• Lovelace was brought up by her mother, who encouraged her interest and strong abilities in maths and science. In the 1800s, these were both subjects dominated by men.
  • Aged 17, Lovelace met mathematician and inventor Charles Babbage. She was fascinated by Babbage’s designs for an ‘analytical engine’, an early computer that could make complicated calculations.
  • Lovelace worked with Babbage, helping to develop ideas for what are recognised today as early computers. Babbage’s vision was for a calculating machine, but Lovelace saw that it could be so much more.
  • She wrote that the machine could be programmed to follow a list of instructions, not only with numbers, but with other things, such as symbols or music. We now recognise this as a computer algorithm.
  • The machine was never built – it would have been enormous. But their theory and designs helped lay the foundation of modern computing.
  • Today, algorithms underpin much of the digital and electronic world we live in – from finding routes on maps to searching the internet.

Who was Margaret Sarah Carpenter?

  • Margaret Sarah Carpenter was born Margaret Geddes in Salisbury, England.
  • She was a mainly self-taught artist who practiced her skills by copying Old Master paintings from Lord Radnor’s collection at Longford Castle.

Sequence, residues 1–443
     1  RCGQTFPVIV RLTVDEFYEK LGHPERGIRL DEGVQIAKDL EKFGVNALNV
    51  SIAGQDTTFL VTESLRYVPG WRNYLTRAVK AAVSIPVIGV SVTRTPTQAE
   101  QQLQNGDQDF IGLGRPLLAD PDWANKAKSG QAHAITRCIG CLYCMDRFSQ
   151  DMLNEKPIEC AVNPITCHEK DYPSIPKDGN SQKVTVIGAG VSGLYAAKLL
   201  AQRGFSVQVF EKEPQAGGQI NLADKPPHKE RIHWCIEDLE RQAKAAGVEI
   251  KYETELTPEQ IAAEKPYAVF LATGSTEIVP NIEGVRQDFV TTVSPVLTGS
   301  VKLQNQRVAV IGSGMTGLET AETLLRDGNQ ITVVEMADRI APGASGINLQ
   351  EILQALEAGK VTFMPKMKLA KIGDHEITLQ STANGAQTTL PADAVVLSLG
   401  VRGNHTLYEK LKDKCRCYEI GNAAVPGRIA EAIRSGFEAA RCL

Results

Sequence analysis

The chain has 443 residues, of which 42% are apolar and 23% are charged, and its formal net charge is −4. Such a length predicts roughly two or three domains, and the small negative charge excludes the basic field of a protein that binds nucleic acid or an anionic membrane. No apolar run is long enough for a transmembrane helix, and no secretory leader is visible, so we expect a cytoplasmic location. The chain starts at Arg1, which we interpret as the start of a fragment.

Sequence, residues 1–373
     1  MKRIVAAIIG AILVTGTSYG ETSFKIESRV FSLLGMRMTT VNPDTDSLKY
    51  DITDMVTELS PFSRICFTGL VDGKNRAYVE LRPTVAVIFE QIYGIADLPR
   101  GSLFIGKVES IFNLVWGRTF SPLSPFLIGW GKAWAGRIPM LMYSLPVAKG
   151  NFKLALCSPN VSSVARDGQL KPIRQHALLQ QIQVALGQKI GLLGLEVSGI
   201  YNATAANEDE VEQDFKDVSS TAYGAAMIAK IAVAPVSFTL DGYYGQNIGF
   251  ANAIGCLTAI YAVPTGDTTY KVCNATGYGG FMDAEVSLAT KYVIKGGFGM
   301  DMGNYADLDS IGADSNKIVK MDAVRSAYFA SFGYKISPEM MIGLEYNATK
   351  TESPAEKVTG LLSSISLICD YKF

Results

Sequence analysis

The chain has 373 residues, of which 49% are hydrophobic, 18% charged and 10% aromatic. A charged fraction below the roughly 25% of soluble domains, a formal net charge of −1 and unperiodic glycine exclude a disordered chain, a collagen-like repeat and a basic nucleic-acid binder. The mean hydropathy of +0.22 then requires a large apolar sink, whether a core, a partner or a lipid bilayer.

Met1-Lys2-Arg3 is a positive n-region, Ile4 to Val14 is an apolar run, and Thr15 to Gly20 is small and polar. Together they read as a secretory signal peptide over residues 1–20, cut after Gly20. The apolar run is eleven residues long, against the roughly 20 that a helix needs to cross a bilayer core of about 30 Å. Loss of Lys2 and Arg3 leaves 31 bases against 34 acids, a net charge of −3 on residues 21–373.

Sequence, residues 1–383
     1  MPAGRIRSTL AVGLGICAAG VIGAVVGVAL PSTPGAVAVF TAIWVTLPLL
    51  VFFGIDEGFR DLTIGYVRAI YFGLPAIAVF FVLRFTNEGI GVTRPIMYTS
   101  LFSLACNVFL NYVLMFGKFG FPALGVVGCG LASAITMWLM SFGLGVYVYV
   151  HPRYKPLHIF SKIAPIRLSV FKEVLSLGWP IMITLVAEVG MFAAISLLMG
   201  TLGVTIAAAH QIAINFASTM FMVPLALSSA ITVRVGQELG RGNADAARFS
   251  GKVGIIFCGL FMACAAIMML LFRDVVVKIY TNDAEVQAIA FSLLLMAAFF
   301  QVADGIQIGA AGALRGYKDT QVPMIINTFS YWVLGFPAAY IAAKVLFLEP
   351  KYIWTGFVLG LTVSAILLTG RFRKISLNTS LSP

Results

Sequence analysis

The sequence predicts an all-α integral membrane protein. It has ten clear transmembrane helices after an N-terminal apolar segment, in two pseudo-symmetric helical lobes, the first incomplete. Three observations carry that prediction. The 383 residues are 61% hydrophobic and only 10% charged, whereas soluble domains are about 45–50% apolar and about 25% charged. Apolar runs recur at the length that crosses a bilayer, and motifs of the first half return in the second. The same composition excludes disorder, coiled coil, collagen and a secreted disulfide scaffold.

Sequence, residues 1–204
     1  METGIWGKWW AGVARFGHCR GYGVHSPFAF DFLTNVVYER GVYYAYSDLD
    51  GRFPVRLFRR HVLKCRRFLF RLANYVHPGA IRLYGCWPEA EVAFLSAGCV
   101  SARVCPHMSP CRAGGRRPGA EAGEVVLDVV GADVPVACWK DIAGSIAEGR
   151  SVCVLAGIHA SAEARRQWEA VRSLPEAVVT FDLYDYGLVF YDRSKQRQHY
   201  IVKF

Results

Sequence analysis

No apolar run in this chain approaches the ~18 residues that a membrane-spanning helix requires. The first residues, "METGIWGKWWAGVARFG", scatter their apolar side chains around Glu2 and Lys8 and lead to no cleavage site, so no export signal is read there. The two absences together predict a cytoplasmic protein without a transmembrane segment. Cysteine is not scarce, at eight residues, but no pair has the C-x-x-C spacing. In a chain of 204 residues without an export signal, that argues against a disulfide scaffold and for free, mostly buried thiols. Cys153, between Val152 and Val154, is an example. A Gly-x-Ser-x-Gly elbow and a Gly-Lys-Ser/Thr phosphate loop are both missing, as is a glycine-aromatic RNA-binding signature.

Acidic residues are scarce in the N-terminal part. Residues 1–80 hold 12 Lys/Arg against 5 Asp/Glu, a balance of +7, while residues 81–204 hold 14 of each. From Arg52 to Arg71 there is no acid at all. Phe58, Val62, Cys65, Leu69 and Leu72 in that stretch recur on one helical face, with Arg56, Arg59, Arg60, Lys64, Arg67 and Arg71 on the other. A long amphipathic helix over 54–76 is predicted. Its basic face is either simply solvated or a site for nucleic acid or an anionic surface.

• In 1813, Lord Radnor paid for her to move to London. She lived and worked there independently, running her own portrait practice. She won prizes for her work.
  • She was heavily influenced by the artist Thomas Lawrence – the leading portrait painter in Britain in the early 1800s. When Lawrence died in 1830, Carpenter took his place as a leading portrait painter, despite facing many barriers as a female artist.
  • Carpenter became Britain's most successful female artist, producing over a thousand paintings.
  • The quality of her work was widely recognised and celebrated during her lifetime, but has been largely ignored since her death.

Why is this portrait significant?

  • This is one of only a few known portraits of Ada Lovelace.
  • It was painted by Margaret Sarah Carpenter, the most successful British female artist of the early 1800s.
  • We cannot see any reference to Lovelace’s interests in mathematics and science, despite her exceptional abilities and lifelong fascination with these subjects.
  • During Lovelace’s lifetime, and for years after, her ideas and vision for programmable ‘computers’ were largely ignored by other scientists, mathematicians and computing pioneers.
  • When electronic computing was developed, decades after her death, computer programmers revisited Lovelace’s ideas and began to recognise how visionary she had been.
  • The portrait represents the coming together of two of the most brilliant and independent-minded women of the 1800s.
  • Despite the quality of the portrait, when Lovelace saw it, she is said to have joked that her jaw appeared so large, that the word ‘mathematics’ could be written on it.

Questions

  1. What is your impression of Ada Lovelace from this portrait? 
  1. What does the portrait tell us about attitudes toward women in the 1800s?
  1. Why might Lovelace’s contribution to Babbage’s work have been played down in her lifetime?
  1. What other examples do you know, or can you find, of women’s contribution to science, technology, engineering or maths having been ignored or credited to men?